And you also may have to tune parameters for these things. The second part in particular is very important to tune right - it’s the part that makes it where even if you play a million games today and establish absolute statistical confidence about your exact rating, tomorrow your rating can still move based on new games (new evidence) because the system will model your rating as potentially having drifted.

With those pieces in place, WHR simply throws Bayes’s theorem at the problem: find the global assignment of ratings to all players over all possible points in history such that under the above model, it is set of ratings that is most likely given every game result you’ve ever observed. This is becomes a massive numerical optimization problem, but it turns out to be computationally tractable if you make good choices of functional form and write a good implementation.

Unlike Elo systems where players “trade points with each other” according to certain formulas after each game, Bayes-style systems are a bit more opaque. It is impossible for anyone by hand to calculate what effects a new datapoint will have on a rating, and it will move around based on all the data the system takes in, including even if you aren’t playing games yourself.

BUT - bayes-based systems often automatically give you a lot of nice properties for free, and actually are often fairly intuitive at a high level if you approach it from the perspective of “game results are evidence about strengths of players” and ask yourself: how would this evidence affect a system’s beliefs about those strengths, if it took everything into account?

For example:

  • Winning a game can never reduce a rating. Why? A higher rating only ever increases your modeled winning chance in any game. Therefore, the evidence of you winning a game can only ever make higher ratings more likely relative to lower ratings.
  • If you played an equal-rated opponent yesterday and lost and your rating went down a bit, but that opponent unexpectedly won against even stronger people today, all-else-equal your rating will partially or mostly go back up. Why? Because the opponent’s games today is new evidence that they were stronger than they first appeared, therefore your loss yesterday is no longer as strong of evidence of you being weaker.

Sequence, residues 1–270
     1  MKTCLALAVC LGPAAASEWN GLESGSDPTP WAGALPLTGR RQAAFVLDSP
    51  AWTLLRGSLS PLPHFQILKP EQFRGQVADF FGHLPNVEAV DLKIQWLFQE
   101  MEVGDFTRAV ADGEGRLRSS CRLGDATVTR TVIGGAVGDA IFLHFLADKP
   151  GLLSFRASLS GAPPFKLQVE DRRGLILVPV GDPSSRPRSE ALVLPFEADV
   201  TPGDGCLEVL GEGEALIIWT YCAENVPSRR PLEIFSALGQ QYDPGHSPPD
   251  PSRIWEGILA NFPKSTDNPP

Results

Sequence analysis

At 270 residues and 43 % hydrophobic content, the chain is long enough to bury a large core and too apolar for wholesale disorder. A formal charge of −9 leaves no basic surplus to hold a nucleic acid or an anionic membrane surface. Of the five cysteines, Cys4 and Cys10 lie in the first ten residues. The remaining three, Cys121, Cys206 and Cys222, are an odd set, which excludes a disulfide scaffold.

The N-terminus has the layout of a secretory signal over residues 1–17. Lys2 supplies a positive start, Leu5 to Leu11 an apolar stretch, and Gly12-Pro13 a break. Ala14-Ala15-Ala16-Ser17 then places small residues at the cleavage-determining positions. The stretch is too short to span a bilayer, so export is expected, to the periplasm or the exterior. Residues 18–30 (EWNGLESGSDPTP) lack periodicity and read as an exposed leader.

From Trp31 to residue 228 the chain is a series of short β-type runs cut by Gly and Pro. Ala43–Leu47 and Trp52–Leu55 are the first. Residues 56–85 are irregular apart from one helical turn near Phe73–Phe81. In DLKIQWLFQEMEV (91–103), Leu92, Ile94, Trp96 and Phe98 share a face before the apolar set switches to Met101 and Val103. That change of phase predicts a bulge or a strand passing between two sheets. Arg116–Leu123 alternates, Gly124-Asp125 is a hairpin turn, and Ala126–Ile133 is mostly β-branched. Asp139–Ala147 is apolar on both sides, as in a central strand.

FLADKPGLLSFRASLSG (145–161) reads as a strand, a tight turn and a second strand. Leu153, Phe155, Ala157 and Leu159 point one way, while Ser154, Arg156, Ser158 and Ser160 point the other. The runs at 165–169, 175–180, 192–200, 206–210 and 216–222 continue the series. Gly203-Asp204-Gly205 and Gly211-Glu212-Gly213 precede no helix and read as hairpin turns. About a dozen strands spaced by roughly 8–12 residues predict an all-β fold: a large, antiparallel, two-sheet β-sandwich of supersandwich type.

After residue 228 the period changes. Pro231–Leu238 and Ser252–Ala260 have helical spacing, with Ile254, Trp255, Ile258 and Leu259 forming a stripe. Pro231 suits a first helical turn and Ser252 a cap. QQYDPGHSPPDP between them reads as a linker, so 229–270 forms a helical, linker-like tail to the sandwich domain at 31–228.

• If two-equal rated players play, but one hasn’t played in a long time, while the other plays regularly, the one who hasn’t played in a long time will probably move in rating more after the game. Why? Because one new game result is relatively a much bigger proportion of the evidence about a player who has very few recent games than it is for someone who plays regularly.

And so on.

Bradley-Terry models, which WHR builds from, can easily be extended to have more thanone variable determining a player’s rating in a game. This is useful for team games (i.e. the team is a “player” whose rating depends on the multiple variables of its individual actual players), but it can also be useful for things like handicap. In theory you can model the handicap as an unknown variable that additively affects a player’s rating (or even affects a player’s rating variably as a function of their baseline rating), and throw bayes max-likelihood at the problem and have it also estimate on its own how much each handicap matters, or how much it matters as a function of the player’s baseline rating, and it will come up with the optimal thing given the all the data, within the limits of your functional form.

Then, the only difficulties are if you can find a functional form that is realistic and works well enough in practice, and how well you can implement the optimization. So yes - this is doable with work - you “only” have to specify how this additional variable “handicap” may affect 1, 2, and 3 above and make sure the optimizer still runs fast enough to be tractable. Then your optimizer should do as it always does - find the most likely possible joint assignment of ratings and handicap impact coefficients automatically for you, given all the data and any prior beliefs you give it.


Something to look forward to:

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I have – towards the end of my go hiatus – taken note of this thread, idk if you want me to do a real revival of this topic, as I’d imagine getting a proper “model” for how stones influence the game (beyond what OGS already does for rank-rating conversion) would be somewhat involved, as the question of exactly how skill interacts with the power of handicap is a somewhat interesting question.

But as for the post where I was mentioned, I’m not sure what you mean by “rating interval” as generally Elo and Glicko (and WHR, giving outputs on the same scale) are unbounded. A and D would progressively get further and further out the more games that were played, but generally the peaks will get sharper for all of them (although A and D would probably be wider than B and C) under the normal prior distribution that Glickman uses for Glicko (and I believe WHR also uses a normal distribution prior before the virtual games)

however I’d argue that applying handicap to WHR is exactly the same as applying it to any other rating system using the Expected Score formula, as it would simply involve modifying that formula (and possibly some derivative formulas from it)